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Summit County’s first responders say they’ve adjusted as they prepare for peak of cases

Park Record file photo.
Carolyn Webber Alder/Park Record

Summit County’s first responders are adapting in this time of crisis, taking measures to protect themselves, preserve capacity in the health care system and keep the community safe.

And while much has changed during the COVID-19 pandemic, Park City Fire Chief Paul Hewitt says the core mission remains the same.

“We’re there,” Hewitt said. “We’ll be there and ready to make things better.”

Representatives from the Park City Fire District, the Summit County Sheriff’s Office and the area’s emergency medical services say they have enough personal protective equipment – like masks, gloves and gowns – for the time being. But they’re cognizant of national shortages and are changing tactics to use the valuable supplies responsibly as the peak of local cases is expected to hit in a matter of days.

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Sheriff’s Lt. Andrew Wright said Sheriff Justin Martinez has advised deputies to use common sense and to not send more resources than necessary to a call, even though that limits the philosophy of community policing the sheriff prefers, which relies on face-to-face interaction with community members.

“We’re doing everything we can to limit our interaction, but of course there are those cases we have to show up, we have to get right in the middle of things,” Wright said. “If we can limit it to two deputies at one scene, that’s all the better because, again, we’re limiting that interaction with people.”

That’s a strategy Summit County Emergency Medical Services has adopted as well, according to Administrative Battalion Chief Ashley Lewis, who oversees the service operated by the Fire District. Lewis reported that paramedics are trying to accomplish as much as they can from a distance while reducing the number of paramedics on scene and times when personnel don full personal protective equipment.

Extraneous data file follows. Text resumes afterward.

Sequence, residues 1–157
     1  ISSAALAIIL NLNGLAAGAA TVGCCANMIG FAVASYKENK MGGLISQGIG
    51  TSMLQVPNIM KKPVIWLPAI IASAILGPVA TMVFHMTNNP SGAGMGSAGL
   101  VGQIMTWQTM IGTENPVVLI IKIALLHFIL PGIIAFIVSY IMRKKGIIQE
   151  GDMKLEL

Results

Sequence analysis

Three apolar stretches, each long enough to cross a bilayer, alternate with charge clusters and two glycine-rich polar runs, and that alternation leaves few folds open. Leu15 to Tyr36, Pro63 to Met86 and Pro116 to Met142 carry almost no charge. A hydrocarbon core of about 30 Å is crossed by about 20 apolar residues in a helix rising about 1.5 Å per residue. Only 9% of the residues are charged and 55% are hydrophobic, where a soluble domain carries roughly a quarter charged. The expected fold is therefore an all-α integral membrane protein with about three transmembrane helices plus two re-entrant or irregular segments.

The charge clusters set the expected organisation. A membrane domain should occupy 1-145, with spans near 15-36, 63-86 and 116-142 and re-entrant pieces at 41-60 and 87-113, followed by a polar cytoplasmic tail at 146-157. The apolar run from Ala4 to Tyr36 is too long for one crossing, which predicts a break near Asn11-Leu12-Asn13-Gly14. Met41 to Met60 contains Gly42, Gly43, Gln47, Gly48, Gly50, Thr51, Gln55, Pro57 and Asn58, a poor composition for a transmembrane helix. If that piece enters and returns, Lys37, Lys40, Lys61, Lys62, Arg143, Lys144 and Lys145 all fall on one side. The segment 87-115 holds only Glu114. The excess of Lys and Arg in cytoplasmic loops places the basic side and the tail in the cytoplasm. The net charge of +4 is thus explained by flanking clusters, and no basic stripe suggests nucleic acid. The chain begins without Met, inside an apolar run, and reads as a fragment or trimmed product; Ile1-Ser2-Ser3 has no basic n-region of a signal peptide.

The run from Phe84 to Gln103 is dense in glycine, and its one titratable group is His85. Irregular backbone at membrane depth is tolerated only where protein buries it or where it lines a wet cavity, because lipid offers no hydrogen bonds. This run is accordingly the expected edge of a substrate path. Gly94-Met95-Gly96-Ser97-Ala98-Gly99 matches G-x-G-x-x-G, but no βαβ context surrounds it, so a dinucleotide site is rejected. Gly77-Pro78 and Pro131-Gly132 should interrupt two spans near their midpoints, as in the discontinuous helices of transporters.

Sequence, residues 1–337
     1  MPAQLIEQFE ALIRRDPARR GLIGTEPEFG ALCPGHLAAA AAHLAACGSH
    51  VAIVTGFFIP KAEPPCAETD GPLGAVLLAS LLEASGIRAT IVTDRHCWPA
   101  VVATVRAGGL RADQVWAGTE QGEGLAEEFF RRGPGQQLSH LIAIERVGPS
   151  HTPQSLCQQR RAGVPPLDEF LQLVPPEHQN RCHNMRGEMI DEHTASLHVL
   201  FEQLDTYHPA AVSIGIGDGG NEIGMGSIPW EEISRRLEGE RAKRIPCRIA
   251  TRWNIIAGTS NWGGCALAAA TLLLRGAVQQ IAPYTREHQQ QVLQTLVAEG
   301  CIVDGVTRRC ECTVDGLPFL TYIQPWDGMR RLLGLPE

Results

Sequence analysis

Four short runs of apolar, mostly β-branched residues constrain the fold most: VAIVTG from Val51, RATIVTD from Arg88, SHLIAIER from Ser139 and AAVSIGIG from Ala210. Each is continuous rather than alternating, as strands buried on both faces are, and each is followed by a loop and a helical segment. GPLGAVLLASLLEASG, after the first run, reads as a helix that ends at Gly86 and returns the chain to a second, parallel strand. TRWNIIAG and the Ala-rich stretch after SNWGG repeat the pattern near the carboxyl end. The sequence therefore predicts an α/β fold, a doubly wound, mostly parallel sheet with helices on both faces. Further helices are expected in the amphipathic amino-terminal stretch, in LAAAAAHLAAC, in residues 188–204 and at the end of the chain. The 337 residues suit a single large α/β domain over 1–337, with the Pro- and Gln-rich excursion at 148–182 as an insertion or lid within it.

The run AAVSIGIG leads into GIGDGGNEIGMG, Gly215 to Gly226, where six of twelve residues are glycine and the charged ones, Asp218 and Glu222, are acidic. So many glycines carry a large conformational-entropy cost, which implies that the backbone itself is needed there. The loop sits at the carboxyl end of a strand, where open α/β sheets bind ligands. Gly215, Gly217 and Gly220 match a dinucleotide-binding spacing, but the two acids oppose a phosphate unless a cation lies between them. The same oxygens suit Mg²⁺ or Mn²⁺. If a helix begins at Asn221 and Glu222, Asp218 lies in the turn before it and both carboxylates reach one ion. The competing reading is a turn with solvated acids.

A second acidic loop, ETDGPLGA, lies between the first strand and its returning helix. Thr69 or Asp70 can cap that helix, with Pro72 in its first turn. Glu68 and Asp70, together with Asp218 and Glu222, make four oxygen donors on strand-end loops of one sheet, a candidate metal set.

As the outbreak approached, Hewitt said, Park City Fire personnel were quick to develop new policies aimed at reducing exposure to the virus.

Hewitt said the first two objectives he told his staff were, first and foremost, to make sure they are not transporting the disease around the county – becoming a vector of spread – and secondly, to stay healthy themselves. That means cleaning and sanitizing regularly, among other measures.

“The public needs to know that, if they need us, we’ll show up and we won’t exacerbate the problem,” Hewitt said. “They should never be afraid of seeing our men and women.”

Lewis said that Summit County EMS is well-stocked with protective equipment, but that many things are on backorder and it’s been hard to procure equipment like surgical masks.

“It’s very difficult to find and secure supplies,” Lewis said. “(We’re doing) anything we can to secure the supplies needed to do our job and also have resources available to help community members in their time of need.”

He said costs have remained relatively constant, though he has seen some vendors attempt to gouge prices.

First responders are readying themselves for the peak of new cases that could come within days. Summit County Health Director Rich Bullough said April 2 that modeling at that time predicted a peak around April 16. Lewis said he has to balance his department’s anticipated needs against the requirements of other, more rural agencies that also need safety equipment. And while Summit County EMS could store a surplus, he doesn’t want to take more than their fair share.

The effort to reduce the use of personal protective equipment begins with dispatchers, who now ask every caller to describe any medical symptoms to gauge the risk that emergency personnel will encounter COVID-19. And since there is little to be done for those with the disease unless their symptoms worsen to the point of requiring hospitalization, Lewis said paramedics are often in the position of offering comfort to patients.

“Sometimes people, if they’ve been confirmed with the virus, they just need a little reassurance. Maybe they’re having a cough or some sort of episode and they just need the reassurance of an evaluation saying, ‘Hey, you’re OK,’” Lewis said. “But if we can release you, that’s what we want to do because there’s a lot more pressure to (emergency rooms).”

Training Battalion Chief Peter Emery said the Fire District is working closely with local health care providers and making sure to keep the system’s capacity in mind when determining a patient’s care.

“Patients call us and, after discussions with us, they end up staying at home because the hospitals, it’s a certain criteria you have to have before they’ll have you come in,” Emery said. “That’s not to say that they’re overflowing right now, but we’re trying to limit that impact on the hospitals as well. … It’s unique to say the least.”

Last weekend, Hewitt said his team learned of the first case from within their ranks, a paramedic who tested positive for COVID-19 and who is now on his way to recovery.

Emery said the man had been away on vacation and that, because of the timing of the incident, the threat to the public was extremely limited. The department isolated and tested the staff that had worked directly with the paramedic and the tests came back negative.

Hewitt and Emery said morale remains high.

“It’s definitely an eerie environment, but it’s also an eerie environment if you’re in a house fire or a business fire,” Hewitt said.

“The guys are here to serve,” Emery added. “This is what we signed up for.”


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